6. A waveshape generator according to claim 5, wherein said means for sequentially causing said waveshape memory means to sequentially output said n+1 stored sample values f(I+k) comprises second counter means for applying n+1 signals at said predetermined intervals to said waveshape memory means to cause said waveshape memory means to sequentially output at said predetermined intervals said n+1 stored sample values f(I+k).
7. A waveshape generator as claimed in claim 1, further comprising a keyboard circuit operable by a player on said electronic musical instrument; and wherein said address signal generating means further comprises frequency information memory means for outputting frequency information signals responsive to the operation of said keyboard circuit, and accumulator means for accumulating said frequency information signals generated by said frequency information memory, whereby said accumulator means stores increasing accumulated values.
8. A waveshape generator as claimed in claim 7, wherein said integer I is equal to the integer part of one of said accumulated values stored in said accumulator means at the instant when said first address signals are generated, and wherein said fraction e is equal to the fractional part of said one of said accumulated values.
9. A waveshape generator as claimed in claim 7, wherein said address signal generating means further comprises counter means for sequentially applying n+1 signals at predetermined intervals to said waveshape memory means to cause said waveshape memory means to sequentially output at said predetermined intervals said n+1 stored sample values f(I+k) to be used to approximate the value of f(I+e).
10. A waveshape generator as claimed in claim 4, further comprising latching circuit means for storing for a predetermined period of time said sum accumulated by said accumulator means.
11. A waveshape generator for electronic musical instruments, comprising:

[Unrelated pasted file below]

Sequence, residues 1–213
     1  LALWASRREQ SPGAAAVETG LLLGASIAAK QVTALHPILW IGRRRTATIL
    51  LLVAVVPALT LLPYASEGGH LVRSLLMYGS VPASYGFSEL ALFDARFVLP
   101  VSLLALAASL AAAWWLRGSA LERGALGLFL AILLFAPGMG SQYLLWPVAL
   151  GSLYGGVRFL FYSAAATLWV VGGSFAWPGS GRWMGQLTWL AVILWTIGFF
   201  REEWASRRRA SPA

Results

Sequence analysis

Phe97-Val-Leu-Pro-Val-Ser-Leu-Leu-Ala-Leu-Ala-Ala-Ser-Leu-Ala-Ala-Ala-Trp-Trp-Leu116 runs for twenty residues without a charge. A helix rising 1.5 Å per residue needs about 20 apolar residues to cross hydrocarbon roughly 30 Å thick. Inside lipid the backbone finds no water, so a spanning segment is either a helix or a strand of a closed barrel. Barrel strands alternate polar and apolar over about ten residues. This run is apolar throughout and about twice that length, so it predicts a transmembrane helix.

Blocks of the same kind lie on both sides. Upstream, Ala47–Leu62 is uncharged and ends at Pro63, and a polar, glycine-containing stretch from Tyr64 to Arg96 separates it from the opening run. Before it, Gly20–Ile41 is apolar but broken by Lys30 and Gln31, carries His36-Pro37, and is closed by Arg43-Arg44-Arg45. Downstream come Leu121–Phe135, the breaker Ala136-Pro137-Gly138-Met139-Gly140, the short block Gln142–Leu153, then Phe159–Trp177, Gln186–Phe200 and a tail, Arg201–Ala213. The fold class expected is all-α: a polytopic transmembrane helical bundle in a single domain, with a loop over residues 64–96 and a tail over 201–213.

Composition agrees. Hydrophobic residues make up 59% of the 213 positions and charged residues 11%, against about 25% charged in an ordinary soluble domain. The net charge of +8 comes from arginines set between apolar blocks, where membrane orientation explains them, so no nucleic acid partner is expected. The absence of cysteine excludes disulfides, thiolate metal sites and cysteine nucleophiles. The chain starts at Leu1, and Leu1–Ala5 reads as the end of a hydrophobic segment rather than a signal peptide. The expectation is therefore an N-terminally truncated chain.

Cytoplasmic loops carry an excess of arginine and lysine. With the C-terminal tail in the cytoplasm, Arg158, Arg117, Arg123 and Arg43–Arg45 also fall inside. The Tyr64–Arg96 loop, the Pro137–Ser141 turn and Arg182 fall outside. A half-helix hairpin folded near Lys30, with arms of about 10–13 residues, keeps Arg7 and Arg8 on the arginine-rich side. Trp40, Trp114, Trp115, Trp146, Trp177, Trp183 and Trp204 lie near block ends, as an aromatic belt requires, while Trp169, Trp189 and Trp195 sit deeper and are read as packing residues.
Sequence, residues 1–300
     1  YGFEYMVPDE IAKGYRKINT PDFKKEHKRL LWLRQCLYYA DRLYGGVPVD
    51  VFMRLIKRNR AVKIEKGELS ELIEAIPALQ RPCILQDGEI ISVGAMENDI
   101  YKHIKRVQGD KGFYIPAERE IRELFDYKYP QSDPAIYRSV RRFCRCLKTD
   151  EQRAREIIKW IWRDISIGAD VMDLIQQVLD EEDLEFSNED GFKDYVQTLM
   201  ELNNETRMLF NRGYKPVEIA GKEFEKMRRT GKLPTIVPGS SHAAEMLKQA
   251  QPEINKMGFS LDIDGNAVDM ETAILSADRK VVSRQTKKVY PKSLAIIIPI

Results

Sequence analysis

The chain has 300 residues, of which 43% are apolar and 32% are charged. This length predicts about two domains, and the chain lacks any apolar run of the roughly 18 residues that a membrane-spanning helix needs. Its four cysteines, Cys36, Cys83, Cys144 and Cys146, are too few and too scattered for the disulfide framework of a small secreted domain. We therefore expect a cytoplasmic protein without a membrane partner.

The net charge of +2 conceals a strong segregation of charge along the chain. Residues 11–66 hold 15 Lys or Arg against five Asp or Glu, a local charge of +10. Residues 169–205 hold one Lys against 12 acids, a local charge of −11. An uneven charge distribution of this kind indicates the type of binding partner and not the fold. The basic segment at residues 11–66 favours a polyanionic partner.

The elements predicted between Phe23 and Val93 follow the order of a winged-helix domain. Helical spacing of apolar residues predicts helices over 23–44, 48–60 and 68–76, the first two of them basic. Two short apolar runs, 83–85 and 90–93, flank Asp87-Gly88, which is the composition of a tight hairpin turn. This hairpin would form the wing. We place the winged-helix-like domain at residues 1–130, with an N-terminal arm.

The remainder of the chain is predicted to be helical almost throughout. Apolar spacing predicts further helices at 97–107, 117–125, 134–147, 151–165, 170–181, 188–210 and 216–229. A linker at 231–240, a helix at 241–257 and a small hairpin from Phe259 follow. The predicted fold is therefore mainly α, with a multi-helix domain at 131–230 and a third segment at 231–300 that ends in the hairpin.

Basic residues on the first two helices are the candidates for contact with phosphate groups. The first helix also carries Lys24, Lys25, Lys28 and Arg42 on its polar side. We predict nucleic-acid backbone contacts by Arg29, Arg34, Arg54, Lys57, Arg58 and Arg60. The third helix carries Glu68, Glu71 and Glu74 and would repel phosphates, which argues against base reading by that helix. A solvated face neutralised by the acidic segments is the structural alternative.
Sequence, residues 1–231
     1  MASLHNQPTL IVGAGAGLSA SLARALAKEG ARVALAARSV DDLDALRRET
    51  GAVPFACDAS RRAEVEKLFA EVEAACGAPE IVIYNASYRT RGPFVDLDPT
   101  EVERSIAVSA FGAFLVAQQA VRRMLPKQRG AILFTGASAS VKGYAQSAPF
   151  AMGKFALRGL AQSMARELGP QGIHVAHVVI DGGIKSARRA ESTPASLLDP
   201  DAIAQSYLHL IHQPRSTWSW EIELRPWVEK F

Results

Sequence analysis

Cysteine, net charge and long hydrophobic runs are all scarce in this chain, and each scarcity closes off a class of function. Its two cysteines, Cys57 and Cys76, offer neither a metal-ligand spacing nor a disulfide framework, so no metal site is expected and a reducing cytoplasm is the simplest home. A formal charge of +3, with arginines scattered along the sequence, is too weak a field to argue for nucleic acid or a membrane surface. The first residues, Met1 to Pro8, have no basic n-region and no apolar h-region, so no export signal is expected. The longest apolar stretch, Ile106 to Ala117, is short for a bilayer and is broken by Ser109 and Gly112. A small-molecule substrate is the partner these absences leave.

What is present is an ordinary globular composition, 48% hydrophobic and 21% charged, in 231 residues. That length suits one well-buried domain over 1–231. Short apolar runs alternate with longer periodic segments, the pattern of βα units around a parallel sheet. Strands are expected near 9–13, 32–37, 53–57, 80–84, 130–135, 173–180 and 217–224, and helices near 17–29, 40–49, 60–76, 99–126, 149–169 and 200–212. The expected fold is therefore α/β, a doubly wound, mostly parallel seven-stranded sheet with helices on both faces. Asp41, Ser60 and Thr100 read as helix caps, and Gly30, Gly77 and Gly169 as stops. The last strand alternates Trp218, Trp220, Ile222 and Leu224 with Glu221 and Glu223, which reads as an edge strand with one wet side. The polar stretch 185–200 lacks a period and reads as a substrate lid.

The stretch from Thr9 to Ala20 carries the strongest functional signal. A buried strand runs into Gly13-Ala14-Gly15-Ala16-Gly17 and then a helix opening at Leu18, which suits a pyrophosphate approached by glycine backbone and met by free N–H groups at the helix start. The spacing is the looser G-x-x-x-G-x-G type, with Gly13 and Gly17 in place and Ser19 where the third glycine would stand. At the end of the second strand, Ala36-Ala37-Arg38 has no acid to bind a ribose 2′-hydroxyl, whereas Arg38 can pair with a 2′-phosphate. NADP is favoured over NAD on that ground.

a waveshape memory storing m+1 first sample values of a waveshape at m+1 respective addresses;
an address signal generator which designates increasing numbers each consisting of an integer i and a fraction e, and generates, for each number i+e, first address signals consisting of n successive integers from i through i+n in a time division multiplexed manner and a second address signal consisting of said fraction e, i being an integer between 0 and m, n being smaller than m, and e being a fraction between 0 and 1;
a circuit connection between said waveshape memory and said address signal generator for causing said waveshape memory to generate successive sample values from the i-th address through the i+n-th address upon receipt of said first address signals;
a coefficient memory which stores coefficients for the n-th order interpolation method and is coupled to said address signal generator for generating n+1 coefficient values for said each number i+e upon receipt of said second address signal in synchronism with said generated n+1 sample values;
a multiplier coupled to said waveshape memory and said coefficient memory and for multiplying said sample values and said coefficient values, respectively; and
an accumulator coupled to said multiplier for accumulating n+1 results of said multiplication, the accumulated result consisting of a wave value for said i+e designation.
12. A waveshape generator as claimed in claim 11, in which said musical instrument includes keys and a keyboard circuit and in which said address signal generator comprises:
a frequency information memory coupled to said keyboard circuit for generating a frequency information signal when a certain key is operated; and
a second accumulator coupled to said frequency information memory for accumulating generated frequency information signals repeatedly, thereby producing increasing accumulated values.